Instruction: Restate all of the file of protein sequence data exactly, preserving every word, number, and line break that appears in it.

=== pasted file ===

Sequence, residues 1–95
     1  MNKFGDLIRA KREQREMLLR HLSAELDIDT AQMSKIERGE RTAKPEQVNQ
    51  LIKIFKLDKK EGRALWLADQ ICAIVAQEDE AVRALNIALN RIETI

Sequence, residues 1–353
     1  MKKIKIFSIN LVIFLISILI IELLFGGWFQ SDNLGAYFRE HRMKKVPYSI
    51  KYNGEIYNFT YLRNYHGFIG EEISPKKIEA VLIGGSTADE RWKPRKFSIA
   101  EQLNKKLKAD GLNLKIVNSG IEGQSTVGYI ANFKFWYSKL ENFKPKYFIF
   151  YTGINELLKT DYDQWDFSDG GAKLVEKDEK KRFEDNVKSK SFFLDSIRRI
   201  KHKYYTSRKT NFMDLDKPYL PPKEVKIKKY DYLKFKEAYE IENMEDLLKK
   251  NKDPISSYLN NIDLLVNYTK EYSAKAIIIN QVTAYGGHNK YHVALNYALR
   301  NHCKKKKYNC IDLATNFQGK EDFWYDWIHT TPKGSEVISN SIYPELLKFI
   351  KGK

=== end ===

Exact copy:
Sequence, residues 1–95
     1  MNKFGDLIRA KREQREMLLR HLSAELDIDT AQMSKIERGE RTAKPEQVNQ
    51  LIKIFKLDKK EGRALWLADQ ICAIVAQEDE AVRALNIALN RIETI

Sequence, residues 1–353
     1  MKKIKIFSIN LVIFLISILI IELLFGGWFQ SDNLGAYFRE HRMKKVPYSI
    51  KYNGEIYNFT YLRNYHGFIG EEISPKKIEA VLIGGSTADE RWKPRKFSIA
   101  EQLNKKLKAD GLNLKIVNSG IEGQSTVGYI ANFKFWYSKL ENFKPKYFIF
   151  YTGINELLKT DYDQWDFSDG GAKLVEKDEK KRFEDNVKSK SFFLDSIRRI
   201  KHKYYTSRKT NFMDLDKPYL PPKEVKIKKY DYLKFKEAYE IENMEDLLKK
   251  NKDPISSYLN NIDLLVNYTK EYSAKAIIIN QVTAYGGHNK YHVALNYALR
   301  NHCKKKKYNC IDLATNFQGK EDFWYDWIHT TPKGSEVISN SIYPELLKFI
   351  KGK